5 hard boiled eggs, peeled and chopped
1 bunch green onions, finely sliced (about 1 cup)
4 large dill pickles, chopped (about 1 1/2 cups)
4 celery stalks, finely chopped (about 1 cup)
3/4 cup mayonnaise
2 tablespoons Dijon mustard
salt and pepper

To roast the sweet potatoes, preheat oven to 475 degrees, place oven racks in the middle and lower positions.  Insert 2 baking sheets to preheat along with the oven.  Heat coconut oil in a small saucepan until just melted/liquified.  Chop the sweet potatoes by halving them lengthwise, then cut the halves lengthwise into 2 or 3 pieces, chop wedges into bite sized pieces (about 1/2 inch thick).  In a large bowl, toss the potatoes with 4 tablespoons of oil and a generous sprinkle of salt and pepper.  When the oven and baking sheets are preheated, carefully remove the baking sheets and drizzle 2 tablespoons of oil onto each sheet.  Carefully distribute the sweet potatoes between the 2 baking sheets in a single layer, and pop them back in the oven.  Roast for about 15 minutes, then flip the potatoes with a spatula, and put the trays back into the oven, rotating the 2 sheets top to bottom.  The potatoes should be done after an additional 10 minutes of roasting.  I like to put each sheet under the broiler for a couple of minutes to get some nice brown crispy spots.  Remove potatoes and cool completely.

To prepare the salad, combine the mayo and Dijon mustard in a small bowl.  Toss the cooled sweet potatoes, eggs, onions, pickles, celery and mayo mixture together in a large bowl.  Season with salt and pepper, chill and serve.

Homemade Olive Oil Mayonnaise
Origin: Jaime, Impeccable Taste

Notes:  This mayo can be made with a food processor or by hand with a very strong arm.  I use light or extra light olive oil for this recipe to keep the flavour neutral.  The mayonnaise made in the food proccessor will be more stiff then that made by hand, but it's worth it to save time and your arm.


2 egg yolks, preferably room temperature
1 teaspoon Dijon mustard
2 teaspoons lemon juice
3/4 teaspoon salt
1 1/4 cups light (not extra virgin or first pressing) olive oil

Food processor method:  Put the egg yolks, Dijon, lemon juice and salt in the bowl of a food processor fitted with the steel blade.  Measure out your olive oil.  Process the egg and seasonings for about 30 seconds until lightened and thickened slightly.  Keep the motor running and using a teaspoon (it helps control the speed at which you add your oil), drizzle oil SLOWLY, teaspoon by teaspoon, drip by drip, through the feed tube of the food processor.  After you have added about 1/2 cup, you should see a thick mayonnaise forming, you can now increase the speed at which you add the remainder of the oil, still using the teaspoon to drizzle in a slow, steady stream.  Stop processing immediately after you have finished adding your oil or it may separate. (Use your ears, you can actually hear a change in the sound of of the mayonnaise as it loosens before it separates. Stop processing immediately if you hear this!) Chill until ready to use.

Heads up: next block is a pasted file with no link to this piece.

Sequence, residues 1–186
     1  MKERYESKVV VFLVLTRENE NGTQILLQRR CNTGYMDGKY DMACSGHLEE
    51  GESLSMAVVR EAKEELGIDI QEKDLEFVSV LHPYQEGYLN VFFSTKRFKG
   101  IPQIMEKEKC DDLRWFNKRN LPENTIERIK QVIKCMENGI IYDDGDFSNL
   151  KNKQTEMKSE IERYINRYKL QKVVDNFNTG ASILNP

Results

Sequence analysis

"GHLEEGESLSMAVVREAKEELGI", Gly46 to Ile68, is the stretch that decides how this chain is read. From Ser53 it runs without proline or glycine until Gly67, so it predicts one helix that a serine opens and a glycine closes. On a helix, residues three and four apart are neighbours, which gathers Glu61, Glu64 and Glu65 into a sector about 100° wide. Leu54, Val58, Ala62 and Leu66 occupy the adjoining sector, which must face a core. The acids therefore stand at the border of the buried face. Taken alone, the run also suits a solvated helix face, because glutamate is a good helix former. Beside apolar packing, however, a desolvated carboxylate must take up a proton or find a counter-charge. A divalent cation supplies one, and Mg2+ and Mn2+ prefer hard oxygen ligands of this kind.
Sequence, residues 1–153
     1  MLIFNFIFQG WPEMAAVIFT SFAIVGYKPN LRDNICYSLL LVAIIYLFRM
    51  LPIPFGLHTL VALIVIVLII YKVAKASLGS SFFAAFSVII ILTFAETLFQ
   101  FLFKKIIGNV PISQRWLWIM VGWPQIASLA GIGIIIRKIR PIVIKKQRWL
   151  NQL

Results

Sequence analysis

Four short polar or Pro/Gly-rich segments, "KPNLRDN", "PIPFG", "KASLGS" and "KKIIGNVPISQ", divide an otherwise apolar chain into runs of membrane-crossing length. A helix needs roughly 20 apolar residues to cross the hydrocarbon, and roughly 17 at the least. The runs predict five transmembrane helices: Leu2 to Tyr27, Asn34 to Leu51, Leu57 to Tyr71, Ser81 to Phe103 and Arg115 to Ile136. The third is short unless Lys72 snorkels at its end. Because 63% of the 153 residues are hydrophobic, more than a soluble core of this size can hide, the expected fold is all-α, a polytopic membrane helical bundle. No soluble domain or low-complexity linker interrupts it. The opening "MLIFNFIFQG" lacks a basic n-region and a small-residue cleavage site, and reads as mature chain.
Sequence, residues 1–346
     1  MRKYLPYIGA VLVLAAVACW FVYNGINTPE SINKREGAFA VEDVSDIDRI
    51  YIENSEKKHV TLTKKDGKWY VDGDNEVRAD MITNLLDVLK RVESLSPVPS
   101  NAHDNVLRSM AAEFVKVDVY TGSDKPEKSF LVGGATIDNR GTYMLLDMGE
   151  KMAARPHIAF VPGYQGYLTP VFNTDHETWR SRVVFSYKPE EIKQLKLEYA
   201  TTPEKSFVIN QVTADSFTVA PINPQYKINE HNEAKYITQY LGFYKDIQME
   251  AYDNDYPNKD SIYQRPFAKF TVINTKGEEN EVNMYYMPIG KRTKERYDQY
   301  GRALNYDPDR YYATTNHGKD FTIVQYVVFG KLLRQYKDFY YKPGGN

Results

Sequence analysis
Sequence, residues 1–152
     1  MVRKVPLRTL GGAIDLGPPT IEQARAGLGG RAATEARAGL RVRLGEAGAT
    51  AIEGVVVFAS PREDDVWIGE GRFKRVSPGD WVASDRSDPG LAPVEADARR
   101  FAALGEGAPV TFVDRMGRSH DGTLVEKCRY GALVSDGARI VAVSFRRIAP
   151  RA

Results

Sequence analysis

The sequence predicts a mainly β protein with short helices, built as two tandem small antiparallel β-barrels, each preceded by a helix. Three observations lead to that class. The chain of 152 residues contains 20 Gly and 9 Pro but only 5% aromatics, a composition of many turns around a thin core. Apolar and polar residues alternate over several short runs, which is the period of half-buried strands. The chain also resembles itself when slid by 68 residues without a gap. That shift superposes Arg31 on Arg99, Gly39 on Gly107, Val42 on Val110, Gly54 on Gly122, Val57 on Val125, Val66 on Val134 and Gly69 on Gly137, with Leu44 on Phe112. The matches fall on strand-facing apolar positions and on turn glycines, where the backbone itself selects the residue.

By hand:  Dampen a tea towel, fold it, and place it under a medium sized mixing bowl (this will keep the bowl steady when whisking like a mad person).  Measure out your olive oil.  Place egg yolks, Dijon, lemon juice and salt in the mixing bowl, whisk vigorously until pale and slightly thickened, about 30 seconds.  While whisking continuously, using a teaspoon, VERY SLOWLY drip the olive oil into the egg yolk mixture.  By VERY SLOWLY I mean it should take you about 4 minutes to add the first 1/4 cup of olive oil.  Once the first 1/4 cup of olive oil has been added, you should see the mayo starting to emulsify.  You can increase the speed at which you add your oil now, still using the teaspoon to drizzle in a slow, steady stream.  It should take you an additional 4-5 minutes to add the rest of the oil.  Do not over mix or the mayo may separate.  Chill until ready to use.

If your mayo separates:  Have no fear!  It can always be rescued.  Get your arm ready, it's going to take some more elbow grease.  Start with one egg yolk in a medium, clean bowl.  Whisk the egg yolk vigorously for about 30 seconds, until it has lightened in colour.  Slowly add your separated mayonnaise, drip by drip into the new bowl, whisking continuously.  This should bring the mayo back to a smooth, creamy consistency.

Wednesday, July 27, 2011

Blueberry Tea Cake

I'm back with something sweet to offer my neglected friends.  I took a couple of weeks off to enjoy some summer!  We had lots of fun houseguests, people popping in and out, birthday parties and bonfires...ahhhh, 'twas fun indeed.  I made this cake twice during my time off!  It was so light and fresh tasting, perfect for a summer dessert or afternoon tea.  No one could resist a slice!  It's a simple, homey cake, moist and choc full of fresh blueberries.  It has a hint of lemon and it's slathered with a decadent cream cheese frosting.  Really delightful!

Blueberry Tea Cake
Origin: (slightly adapted) Bill Granger via Leite's Culinaria